Disclaimer: This post is directed to a more exclusive audience than most of my posts as it was originally posted on The MOPS Blog, a space for mothers, but I think it can be applicable to us all!
There is a special kind of loneliness that comes with being a mother, especially of young children. Your life is consumed by the details of their day, leaving little room for you to pay attention to your own. You crave community to remind you that you are more than a dish-washing, Lego-cleaning, diaper-changing hug dispenser. You hope for some conversation about the other parts of your soul that are still awake, despite the tired bags under your eyes. So you schlep the kids out the door and to the playdates or the classes, as much for you as for them. At the playground or that music class, you join a group of other adults—finally!—to discover you are all just part of one herd, parallel parenting. The passing words exchanged amount to a few superficial clichés. If you sneak in a moment to go deeper, you are interrupted by a demand for a snack or needing to rush off to referee a toddler squabble.
Walking back towards home, you feel a pang in your gut that is more than a stitch from pushing an overloaded stroller. It’s that loneliness again, reminding you the herd behind you is probably the most able to relate to what you’re feeling and the least likely to be able to address it.
Besides the many skills we acquire in order to raise children, we mamas need to learn another tactic for our own survival: to go deep quickly. Here is a cheat-sheet for the frazzled mama brain that is too tired to be intentional when there are littles running around (or for those of us that seem to have forgotten how to speak to other adults even when we’re kid-free). This is a guide to reach the introverts, the guarded, the craving mothers who need something more than “how’s it going?” to access the depths longing to be known.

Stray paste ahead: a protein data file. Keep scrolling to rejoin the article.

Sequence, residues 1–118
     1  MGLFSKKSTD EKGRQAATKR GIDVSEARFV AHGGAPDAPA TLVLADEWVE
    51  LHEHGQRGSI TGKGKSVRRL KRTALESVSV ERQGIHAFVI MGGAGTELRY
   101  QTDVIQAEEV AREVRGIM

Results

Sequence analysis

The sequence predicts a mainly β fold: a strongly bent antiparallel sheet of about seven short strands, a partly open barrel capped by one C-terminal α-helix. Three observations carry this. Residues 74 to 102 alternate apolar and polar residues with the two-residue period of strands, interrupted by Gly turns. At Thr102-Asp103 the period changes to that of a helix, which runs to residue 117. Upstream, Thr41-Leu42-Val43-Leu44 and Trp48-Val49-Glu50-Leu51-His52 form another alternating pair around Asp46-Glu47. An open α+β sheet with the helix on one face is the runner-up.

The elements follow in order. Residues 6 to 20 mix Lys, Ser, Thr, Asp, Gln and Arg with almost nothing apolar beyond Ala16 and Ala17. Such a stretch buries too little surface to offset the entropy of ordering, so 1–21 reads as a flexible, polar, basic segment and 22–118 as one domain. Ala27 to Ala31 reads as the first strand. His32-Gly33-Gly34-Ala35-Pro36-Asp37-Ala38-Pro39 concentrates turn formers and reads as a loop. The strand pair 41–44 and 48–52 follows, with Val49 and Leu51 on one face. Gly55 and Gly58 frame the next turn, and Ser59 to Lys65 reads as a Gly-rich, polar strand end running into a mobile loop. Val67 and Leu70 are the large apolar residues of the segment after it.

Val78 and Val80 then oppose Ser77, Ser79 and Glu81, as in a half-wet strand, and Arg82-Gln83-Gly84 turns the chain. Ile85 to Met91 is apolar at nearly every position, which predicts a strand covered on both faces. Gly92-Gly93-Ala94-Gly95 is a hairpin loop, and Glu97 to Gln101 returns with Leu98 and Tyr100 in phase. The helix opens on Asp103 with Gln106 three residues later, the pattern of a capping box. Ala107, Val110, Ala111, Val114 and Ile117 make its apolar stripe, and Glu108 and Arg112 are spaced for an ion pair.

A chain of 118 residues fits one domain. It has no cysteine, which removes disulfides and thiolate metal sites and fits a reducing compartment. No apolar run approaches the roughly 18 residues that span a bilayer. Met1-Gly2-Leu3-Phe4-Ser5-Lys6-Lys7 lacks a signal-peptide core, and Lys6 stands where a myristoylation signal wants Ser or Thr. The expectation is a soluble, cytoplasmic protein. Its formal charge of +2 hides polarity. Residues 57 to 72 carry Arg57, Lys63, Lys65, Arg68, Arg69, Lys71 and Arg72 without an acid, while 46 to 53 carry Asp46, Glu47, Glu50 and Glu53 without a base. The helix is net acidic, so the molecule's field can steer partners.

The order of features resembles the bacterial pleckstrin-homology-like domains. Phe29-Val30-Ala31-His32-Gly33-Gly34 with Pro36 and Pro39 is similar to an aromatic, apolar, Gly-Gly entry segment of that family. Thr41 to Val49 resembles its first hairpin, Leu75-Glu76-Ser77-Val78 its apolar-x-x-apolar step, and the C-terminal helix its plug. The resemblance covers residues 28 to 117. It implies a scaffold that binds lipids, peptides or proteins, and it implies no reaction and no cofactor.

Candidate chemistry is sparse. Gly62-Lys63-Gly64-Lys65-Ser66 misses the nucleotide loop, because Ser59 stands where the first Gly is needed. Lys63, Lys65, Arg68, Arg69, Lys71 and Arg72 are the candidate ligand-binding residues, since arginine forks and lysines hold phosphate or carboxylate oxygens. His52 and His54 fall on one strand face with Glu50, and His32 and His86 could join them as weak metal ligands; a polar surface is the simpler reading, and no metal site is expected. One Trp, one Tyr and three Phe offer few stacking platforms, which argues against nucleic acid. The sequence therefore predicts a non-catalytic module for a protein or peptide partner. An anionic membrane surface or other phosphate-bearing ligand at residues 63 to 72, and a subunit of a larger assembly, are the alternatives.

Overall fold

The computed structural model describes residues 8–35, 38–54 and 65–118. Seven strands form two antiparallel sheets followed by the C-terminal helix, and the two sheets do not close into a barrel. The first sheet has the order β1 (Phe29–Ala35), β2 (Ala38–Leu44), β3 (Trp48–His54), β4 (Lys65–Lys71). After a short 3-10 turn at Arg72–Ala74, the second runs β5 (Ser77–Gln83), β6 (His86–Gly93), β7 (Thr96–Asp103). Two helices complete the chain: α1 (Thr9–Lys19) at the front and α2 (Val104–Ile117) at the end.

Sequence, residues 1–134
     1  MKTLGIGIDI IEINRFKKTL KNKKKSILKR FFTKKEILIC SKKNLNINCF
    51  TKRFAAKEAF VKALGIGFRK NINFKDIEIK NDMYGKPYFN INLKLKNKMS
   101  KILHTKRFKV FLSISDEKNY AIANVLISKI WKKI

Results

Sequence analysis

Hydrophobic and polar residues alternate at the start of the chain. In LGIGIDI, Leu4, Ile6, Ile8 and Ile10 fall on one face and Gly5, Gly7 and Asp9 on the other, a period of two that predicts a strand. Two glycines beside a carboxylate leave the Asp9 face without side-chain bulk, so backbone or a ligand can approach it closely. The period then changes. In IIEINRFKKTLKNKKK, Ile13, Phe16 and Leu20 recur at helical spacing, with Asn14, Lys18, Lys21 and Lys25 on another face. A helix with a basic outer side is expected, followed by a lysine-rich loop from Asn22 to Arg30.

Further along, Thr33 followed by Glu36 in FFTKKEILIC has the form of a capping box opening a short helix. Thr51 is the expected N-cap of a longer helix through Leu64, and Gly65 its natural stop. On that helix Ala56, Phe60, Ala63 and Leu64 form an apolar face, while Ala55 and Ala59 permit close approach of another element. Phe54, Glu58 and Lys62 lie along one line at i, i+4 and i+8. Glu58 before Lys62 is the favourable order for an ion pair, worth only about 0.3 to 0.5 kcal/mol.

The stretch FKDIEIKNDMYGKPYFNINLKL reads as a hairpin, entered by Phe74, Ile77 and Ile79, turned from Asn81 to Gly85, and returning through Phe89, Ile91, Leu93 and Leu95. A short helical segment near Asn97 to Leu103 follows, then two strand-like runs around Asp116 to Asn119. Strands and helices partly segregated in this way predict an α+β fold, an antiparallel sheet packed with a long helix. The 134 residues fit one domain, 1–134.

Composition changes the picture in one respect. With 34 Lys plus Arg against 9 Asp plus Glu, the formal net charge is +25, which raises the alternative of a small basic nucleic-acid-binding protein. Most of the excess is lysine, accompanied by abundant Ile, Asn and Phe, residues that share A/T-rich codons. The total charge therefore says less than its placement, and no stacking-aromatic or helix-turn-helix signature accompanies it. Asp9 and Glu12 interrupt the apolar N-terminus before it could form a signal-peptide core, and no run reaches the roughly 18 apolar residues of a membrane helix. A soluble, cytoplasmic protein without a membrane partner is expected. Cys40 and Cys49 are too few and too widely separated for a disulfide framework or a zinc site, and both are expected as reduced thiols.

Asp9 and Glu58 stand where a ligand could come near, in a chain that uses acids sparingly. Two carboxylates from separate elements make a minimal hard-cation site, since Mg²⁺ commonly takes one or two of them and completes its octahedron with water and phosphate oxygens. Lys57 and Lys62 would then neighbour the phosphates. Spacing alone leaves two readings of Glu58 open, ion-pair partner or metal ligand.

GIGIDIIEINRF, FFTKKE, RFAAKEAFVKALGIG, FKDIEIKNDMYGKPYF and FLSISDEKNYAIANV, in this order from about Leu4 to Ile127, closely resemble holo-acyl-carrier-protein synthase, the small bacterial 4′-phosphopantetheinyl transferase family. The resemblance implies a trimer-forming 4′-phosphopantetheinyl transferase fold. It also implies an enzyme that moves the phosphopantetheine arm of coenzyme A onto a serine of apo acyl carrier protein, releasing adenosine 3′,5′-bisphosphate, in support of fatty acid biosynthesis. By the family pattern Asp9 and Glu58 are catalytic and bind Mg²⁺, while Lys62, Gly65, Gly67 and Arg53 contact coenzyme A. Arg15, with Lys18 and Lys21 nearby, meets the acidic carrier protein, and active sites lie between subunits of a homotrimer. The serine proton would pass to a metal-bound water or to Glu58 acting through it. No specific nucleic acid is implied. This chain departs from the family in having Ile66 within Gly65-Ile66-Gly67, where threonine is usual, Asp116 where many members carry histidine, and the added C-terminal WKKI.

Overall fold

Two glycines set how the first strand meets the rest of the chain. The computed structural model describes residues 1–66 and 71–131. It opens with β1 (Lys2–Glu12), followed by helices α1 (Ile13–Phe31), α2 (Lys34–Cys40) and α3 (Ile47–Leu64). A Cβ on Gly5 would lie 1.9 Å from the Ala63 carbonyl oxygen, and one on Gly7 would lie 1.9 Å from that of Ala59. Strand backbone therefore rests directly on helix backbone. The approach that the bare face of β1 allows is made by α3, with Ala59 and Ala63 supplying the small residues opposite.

1. What keeps you busy these days?
As a mother, there’s nothing I’ve come to hate more than the question “what’s new?” So much of my day is spent in repetitive tasks that the question leaves me speechless. “Ugh, not much,” I end up replying, feeling like the only appropriate response to that question is a big update I don’t have. But each day of parenting ushers in newness: tender moments, meeting developmental milestones, fresh struggles, breakthroughs in our relationships. “What keeps you busy?” opens the door for those answers to be valid ones, even if our week doesn’t look any different than it did a month ago.
2. What are you reading right now?
I feel that many of us choose TV or film as a source of entertainment, but when we choose to commit to an entire book, there’s a bigger goal in mind. To learn something about baking. To read more black authors. To answer questions in my faith. To understand more about politics before the next election. This simple question can lead to deeper conversations about who we want to become or what we value. (And if doesn’t, well, maybe you just get some good recommendations out of it!).
3. What has been on your mind lately?
This is a question of sisterhood, asking someone to invite you into their growth. Our minds are sacred spaces for the deepest fears and hopes, the forbidden thoughts, the experiences we think we are alone in. Getting this glimpse into a sister’s soul can carry me through the week.
4. How is your relationship with [insert significant relationship]?
Even though the role of “mother” seems all-consuming, our other roles—sister, daughter, friend—still linger in the background. Being asked this question validates our larger identities and, as relationships are always changing, it can be asked again and again. And while it is nice to be remembered as more than “mothers” and maybe “partners,” at the end of the day, as we slip exhaustedly under the covers and into sleep, it’s those relationships that are the last on our minds and in our prayers. Ask about those too.